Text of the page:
A functioning society

A functioning society

A functioning society requires a shared understanding. These profound words take a couple of seconds to read, a lifetime to fully comprehend. They have been important since we lived in tribes – they were, in fact, the foundation of the tribe. I give you information and you give me information. If our exchange is accurate we will continue to do so to our mutual benefit. If we mislead – either accidentally or deliberately – we will lose trust in each other and our ability to be supportive will decline. In the end, we will fight.

Our one-to-one communication remains vital. It is how we teach the young, how we live in reasonable harmony. On the journey since the tribe, media have stepped in to facilitate what St Augustine called ‘giving ear to news and gossip’. A valid description as it turns out. Originally called mass media because one channel served thousands or millions of people, they were quickly accompanied by market and social researchers, one of them pointedly named Mass Observation. The question posed to the public provided the answer supplied to the media (and others) to enlighten the public from where the answer had come. Neat.

Not perhaps fully appreciated as this process developed was the fact that there were points at which it could be distorted. The public loved it. Their humdrum lives were now illuminated by a racy morning headline or, for the men, a scantily-clad lady. Murdoch led the charge down the slope to what we now call the gutter media. It brought in its wake corruption beyond bribery into pornography and what is known as ‘fake news’.

Slithering through a sleaze of poor quality public relations, the advent of algorithmic analysis provided just what the manipulators had been looking for – ability to communicate exactly the message that would influence Miss A while at the same time communicating a different message to Mr D with equally rewarding results. One lie for the rich, another for the poor.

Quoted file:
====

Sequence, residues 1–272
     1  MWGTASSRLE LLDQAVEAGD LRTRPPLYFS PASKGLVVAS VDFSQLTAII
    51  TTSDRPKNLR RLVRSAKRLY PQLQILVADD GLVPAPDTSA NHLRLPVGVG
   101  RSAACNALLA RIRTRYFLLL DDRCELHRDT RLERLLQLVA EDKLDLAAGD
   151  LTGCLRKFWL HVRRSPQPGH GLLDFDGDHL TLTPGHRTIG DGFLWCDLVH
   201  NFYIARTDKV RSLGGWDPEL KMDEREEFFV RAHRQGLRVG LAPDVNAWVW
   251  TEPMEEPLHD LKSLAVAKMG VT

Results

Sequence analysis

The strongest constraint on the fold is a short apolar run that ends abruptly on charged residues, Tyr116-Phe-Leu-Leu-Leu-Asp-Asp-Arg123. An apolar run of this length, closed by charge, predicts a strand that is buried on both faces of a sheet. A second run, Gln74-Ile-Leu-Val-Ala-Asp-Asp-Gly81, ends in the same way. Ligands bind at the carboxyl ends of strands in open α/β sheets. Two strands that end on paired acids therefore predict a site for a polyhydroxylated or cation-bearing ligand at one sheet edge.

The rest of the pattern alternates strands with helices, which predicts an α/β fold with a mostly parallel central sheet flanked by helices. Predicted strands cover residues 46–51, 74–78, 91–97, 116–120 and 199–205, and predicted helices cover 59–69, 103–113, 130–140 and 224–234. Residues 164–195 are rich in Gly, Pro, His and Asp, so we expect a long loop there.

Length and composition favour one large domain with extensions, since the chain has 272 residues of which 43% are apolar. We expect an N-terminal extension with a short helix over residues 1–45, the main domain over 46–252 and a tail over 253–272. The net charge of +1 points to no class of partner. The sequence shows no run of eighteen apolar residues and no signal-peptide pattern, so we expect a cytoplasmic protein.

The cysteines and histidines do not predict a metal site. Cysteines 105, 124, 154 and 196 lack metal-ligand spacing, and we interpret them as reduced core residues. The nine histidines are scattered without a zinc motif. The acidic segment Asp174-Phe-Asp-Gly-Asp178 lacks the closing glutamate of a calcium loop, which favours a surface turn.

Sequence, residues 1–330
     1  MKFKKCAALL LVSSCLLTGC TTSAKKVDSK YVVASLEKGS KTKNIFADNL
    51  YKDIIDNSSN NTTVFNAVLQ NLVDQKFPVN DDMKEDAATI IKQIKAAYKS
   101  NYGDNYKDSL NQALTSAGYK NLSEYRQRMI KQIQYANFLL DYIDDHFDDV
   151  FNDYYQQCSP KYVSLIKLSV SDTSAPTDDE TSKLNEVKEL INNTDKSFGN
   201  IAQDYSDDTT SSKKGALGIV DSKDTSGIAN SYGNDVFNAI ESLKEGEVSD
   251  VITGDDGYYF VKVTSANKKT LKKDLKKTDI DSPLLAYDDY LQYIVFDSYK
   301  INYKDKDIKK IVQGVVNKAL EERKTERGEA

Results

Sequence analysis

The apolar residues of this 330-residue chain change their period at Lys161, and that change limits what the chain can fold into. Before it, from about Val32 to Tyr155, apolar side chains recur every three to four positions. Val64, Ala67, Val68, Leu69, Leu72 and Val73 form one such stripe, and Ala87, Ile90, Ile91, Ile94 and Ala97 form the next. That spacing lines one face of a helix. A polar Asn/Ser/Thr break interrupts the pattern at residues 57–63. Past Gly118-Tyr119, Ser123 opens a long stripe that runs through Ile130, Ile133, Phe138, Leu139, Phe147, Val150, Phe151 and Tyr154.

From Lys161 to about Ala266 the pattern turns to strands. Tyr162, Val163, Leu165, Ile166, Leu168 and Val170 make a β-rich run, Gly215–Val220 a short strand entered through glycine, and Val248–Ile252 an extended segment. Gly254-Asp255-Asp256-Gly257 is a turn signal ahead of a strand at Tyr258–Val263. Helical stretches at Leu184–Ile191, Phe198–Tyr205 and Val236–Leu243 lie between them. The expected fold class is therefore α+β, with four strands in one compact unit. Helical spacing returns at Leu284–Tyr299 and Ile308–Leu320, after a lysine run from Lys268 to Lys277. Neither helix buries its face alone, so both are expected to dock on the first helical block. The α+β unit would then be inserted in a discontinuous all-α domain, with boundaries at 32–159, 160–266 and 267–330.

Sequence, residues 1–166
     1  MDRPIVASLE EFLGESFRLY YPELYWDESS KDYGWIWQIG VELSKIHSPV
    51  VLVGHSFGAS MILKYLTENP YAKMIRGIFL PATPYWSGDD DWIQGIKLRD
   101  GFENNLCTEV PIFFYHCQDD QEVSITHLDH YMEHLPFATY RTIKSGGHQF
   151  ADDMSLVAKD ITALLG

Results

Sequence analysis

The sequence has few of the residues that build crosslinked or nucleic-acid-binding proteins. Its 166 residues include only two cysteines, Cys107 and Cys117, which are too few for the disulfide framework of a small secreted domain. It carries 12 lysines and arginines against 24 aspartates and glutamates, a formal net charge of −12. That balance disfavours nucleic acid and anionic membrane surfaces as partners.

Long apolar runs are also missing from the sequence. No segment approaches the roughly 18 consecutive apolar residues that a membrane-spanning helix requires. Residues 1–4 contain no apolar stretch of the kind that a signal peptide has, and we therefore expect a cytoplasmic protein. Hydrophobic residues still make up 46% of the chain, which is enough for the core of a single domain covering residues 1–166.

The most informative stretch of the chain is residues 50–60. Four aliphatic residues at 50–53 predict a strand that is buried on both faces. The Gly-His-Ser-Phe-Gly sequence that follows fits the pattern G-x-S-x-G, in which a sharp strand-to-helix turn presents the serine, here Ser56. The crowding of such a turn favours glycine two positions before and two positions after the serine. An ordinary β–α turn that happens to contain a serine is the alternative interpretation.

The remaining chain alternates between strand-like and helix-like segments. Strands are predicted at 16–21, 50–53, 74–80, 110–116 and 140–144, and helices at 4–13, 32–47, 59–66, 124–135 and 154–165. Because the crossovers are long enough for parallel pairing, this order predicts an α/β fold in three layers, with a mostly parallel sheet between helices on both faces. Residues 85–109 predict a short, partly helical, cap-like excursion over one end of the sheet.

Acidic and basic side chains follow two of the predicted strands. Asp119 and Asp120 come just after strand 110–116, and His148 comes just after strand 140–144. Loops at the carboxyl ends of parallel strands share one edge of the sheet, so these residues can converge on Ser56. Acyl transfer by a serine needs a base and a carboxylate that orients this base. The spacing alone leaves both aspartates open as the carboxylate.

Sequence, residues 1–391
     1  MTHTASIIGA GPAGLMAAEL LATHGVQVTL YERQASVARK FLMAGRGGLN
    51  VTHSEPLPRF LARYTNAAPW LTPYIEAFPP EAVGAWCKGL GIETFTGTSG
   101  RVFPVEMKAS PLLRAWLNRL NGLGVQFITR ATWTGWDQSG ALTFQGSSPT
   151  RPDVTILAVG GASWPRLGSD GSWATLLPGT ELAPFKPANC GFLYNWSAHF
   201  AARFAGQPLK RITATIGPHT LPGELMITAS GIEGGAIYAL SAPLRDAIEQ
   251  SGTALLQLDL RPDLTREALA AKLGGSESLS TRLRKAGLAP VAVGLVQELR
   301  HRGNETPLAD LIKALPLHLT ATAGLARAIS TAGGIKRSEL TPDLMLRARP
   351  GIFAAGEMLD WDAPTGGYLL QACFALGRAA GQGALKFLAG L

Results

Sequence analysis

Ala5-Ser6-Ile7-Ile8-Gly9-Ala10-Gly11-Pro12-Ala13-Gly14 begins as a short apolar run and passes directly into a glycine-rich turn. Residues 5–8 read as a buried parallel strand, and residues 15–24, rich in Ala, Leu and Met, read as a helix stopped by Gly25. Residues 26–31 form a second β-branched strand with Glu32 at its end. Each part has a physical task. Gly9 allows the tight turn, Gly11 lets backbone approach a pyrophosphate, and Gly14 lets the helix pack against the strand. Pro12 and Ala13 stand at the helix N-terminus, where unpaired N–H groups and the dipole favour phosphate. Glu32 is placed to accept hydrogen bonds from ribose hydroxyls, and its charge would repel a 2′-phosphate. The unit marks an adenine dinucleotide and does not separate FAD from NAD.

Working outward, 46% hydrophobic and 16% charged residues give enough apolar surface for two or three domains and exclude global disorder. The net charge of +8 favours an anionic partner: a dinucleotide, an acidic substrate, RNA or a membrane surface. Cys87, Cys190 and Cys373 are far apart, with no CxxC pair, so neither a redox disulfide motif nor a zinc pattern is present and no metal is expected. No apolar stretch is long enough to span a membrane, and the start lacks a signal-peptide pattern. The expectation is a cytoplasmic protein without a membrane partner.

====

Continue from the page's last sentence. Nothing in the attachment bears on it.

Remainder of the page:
Buying a tube of toothpaste on the basis of these false claims was one thing. Fixing major contracts with a combination of data and corruption began to seriously warp the shared understanding. Changing the politics of a nation is another matter altogether. Where media once titillated it is now clearly capable of life damage beyond the acceptable.

We are responsible for our own lives. Those who wish to display their happenings and emotions on social media should be free to do so. They should be fully aware of the dangers of doing so and they should be protected from intrusion they cannot reasonably be expected to discover for themselves. The Internet transformed the Age of Information into the Age of Universal Knowledge. In the process it runs the risk of becoming the Age of Lies.

We are only now starting to realise the harm caused by non-physical sexual aggression. We must also deal with the risks involved in non-physical intrusion. As Cambridge Analytica and Facebook are in the process of showing us, they can be as dangerous, as demeaning and wholly unacceptable. It can be done if we approach it from both ends – education and protection. We cannot destroy freedom of speech, nor can we allow freedom of speech to destroy our values.

Our shared understanding depends on achieving both.

We call our shared understanding democracy.